Thursday, September 10, 2015

Calling out a made up "tradition"

I want to do something really unBowen: call something out directly.

Today the Undercurrent published this article: Campaign road signs not 'the Bowen way'.  It describes how there is a tradition on Bowen Island of election campaign signs being restrcited only to the sign corner at the crossroads.  Apparently, it is "Not The Bowen Way" to place them on lawns or in windows and candidates that do "receive a polite phone call" presumably inviting them to do something else.

This makes my skin crawl.  I frankly don;t care one way or the other if you want to have an election sign on your lawn.  In fact there is something about the rambunctious chaos of electioneering that somehow captures the colourful energy of a democracy in full sail.  On the other hand, its dismal when, weeks after elections are over, signs are still littering public spaces.

But what really bothers me is the self-appointed community standards police who enforce this policy year after year.  It is not really a tradition; not like slug races or the Black Sheep marking a store opening, or not telling anyone where Alder Cove beach is, or dropping off Halloween candy in the homes of Deep Bay residents you don't know.

It is a kind of conspiracy hatched by the original candidates in our first municipal election and enforced by some of them and their friends to this day.  Newcomers to our island should know that this is not an official policy of our local municipality - nor could it be, for legislating this kind of thing would probably be unconstitutional, if Elections Canada had any teeth left to fight this kind of thing.  instead it is a policy with a genteel veneer that sometimes has the nasty effect of suppressing the ability for new candidates to indelibly mark your brans with their names, for better or worse.  It serves incumbents and those with name recognition.  In short, a policy like this serves the very people who tend to be most supportive of it (and those who tend to support the workings of free markets except when it comes to promoting democratic choice)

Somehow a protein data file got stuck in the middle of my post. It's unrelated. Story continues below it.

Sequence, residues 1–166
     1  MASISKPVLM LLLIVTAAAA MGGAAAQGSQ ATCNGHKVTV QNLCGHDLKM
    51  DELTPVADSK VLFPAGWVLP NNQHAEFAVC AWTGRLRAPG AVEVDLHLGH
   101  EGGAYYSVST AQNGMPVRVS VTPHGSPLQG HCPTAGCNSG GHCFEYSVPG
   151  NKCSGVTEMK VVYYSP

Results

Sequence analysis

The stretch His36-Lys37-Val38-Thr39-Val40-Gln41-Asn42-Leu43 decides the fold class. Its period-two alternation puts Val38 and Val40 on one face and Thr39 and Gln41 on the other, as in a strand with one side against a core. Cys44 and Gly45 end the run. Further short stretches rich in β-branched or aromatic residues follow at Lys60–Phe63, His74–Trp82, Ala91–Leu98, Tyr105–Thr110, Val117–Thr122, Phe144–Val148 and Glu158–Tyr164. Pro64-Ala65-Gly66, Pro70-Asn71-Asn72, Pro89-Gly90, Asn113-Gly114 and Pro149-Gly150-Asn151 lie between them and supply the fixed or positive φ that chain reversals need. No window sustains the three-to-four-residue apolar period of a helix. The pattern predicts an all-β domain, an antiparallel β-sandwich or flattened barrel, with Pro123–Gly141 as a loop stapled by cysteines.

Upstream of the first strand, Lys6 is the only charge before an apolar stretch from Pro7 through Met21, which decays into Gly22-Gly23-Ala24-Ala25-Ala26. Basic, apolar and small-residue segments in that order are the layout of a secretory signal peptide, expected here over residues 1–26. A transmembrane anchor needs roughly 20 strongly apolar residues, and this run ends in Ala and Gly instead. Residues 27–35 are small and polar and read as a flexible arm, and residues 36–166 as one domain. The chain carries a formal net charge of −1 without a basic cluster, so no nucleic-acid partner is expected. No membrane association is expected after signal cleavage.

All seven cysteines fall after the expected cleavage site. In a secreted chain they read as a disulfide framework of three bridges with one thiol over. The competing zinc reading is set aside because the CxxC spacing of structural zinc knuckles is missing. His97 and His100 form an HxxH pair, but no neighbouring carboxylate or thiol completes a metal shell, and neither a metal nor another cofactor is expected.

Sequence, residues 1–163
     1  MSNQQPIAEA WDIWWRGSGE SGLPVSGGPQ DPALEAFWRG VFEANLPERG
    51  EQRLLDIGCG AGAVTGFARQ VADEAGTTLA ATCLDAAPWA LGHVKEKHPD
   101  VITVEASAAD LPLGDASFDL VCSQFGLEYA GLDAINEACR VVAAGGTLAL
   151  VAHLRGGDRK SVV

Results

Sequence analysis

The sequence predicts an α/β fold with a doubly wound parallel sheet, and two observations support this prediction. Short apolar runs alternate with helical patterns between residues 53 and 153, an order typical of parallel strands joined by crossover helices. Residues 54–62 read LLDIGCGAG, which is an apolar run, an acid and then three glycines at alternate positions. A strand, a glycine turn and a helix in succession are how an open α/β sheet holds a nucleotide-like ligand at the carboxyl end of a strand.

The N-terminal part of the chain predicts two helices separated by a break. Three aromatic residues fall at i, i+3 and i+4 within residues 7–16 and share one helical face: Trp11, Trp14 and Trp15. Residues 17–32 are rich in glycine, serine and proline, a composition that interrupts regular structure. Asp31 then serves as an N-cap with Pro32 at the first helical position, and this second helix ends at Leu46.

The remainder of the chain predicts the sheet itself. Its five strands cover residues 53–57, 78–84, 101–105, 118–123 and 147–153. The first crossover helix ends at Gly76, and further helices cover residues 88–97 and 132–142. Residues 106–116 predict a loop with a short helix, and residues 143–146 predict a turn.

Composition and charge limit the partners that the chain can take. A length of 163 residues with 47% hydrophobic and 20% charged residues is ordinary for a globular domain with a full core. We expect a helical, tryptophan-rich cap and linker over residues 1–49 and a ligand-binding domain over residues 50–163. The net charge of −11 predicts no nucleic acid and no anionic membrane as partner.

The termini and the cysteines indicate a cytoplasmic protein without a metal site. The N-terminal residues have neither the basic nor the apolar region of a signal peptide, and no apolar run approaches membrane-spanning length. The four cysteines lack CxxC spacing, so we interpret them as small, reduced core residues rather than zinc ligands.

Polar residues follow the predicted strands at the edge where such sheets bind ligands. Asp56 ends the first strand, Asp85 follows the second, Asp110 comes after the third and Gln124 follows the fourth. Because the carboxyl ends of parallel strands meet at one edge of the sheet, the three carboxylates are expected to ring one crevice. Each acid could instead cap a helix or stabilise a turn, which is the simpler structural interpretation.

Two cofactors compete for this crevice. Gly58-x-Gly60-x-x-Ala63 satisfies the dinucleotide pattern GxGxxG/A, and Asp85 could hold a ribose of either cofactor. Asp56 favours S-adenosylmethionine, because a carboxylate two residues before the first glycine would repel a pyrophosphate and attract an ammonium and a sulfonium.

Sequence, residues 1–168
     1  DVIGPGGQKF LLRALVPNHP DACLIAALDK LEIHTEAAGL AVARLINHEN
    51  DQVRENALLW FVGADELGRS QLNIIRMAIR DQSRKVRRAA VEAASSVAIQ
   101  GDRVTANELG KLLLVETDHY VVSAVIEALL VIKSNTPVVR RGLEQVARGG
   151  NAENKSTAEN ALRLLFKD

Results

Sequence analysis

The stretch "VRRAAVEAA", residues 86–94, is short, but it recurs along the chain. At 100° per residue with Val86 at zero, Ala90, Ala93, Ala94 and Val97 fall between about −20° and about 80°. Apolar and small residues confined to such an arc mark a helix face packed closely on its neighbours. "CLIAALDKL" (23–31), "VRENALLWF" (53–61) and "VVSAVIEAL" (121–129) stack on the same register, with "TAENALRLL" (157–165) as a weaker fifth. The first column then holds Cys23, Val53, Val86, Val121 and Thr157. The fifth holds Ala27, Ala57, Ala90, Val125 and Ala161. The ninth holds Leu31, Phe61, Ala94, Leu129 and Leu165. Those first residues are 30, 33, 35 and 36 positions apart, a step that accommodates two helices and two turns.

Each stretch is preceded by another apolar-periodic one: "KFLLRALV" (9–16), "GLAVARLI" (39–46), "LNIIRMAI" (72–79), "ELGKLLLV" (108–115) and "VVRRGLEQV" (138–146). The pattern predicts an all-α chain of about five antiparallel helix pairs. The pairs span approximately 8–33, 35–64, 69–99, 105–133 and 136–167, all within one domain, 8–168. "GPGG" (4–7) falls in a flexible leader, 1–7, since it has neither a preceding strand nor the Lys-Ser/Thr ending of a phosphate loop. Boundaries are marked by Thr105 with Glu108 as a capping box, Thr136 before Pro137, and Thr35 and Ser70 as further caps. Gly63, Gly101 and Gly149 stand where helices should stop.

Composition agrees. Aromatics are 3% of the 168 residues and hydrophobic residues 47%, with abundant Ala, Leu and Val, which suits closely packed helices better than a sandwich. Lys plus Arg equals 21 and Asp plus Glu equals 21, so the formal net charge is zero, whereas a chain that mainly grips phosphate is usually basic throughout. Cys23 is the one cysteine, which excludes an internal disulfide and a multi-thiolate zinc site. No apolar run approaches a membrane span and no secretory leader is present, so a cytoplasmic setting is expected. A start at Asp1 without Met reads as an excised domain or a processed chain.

It is quaint, which is very much "the Bowen way."  It is also elitist and exclusionary and that too sometimes is "the Bowen way."   So I'm going on the record, and I know I'm not alone, in objecting to the sometimes sanctimonious way this little tradition - with all of it's nuanced sneakiness and possibly dark sideeffects- is retreaded every time an election comes around.  I fjndamentally distrust people who, through tradition, coercion, influence or otherwise, work against participation in democratic process.  Even if it's a bit messy

If we really want to see if it's "the Bowen way" perhaps leave it alone, stop enforcing it with "polite phone calls" (Those sinister scare quotes) and see if Bowen Islanders, free of the pressure to conform, choose to continue this custom, or evolve something entirely different, and entirely Bowen.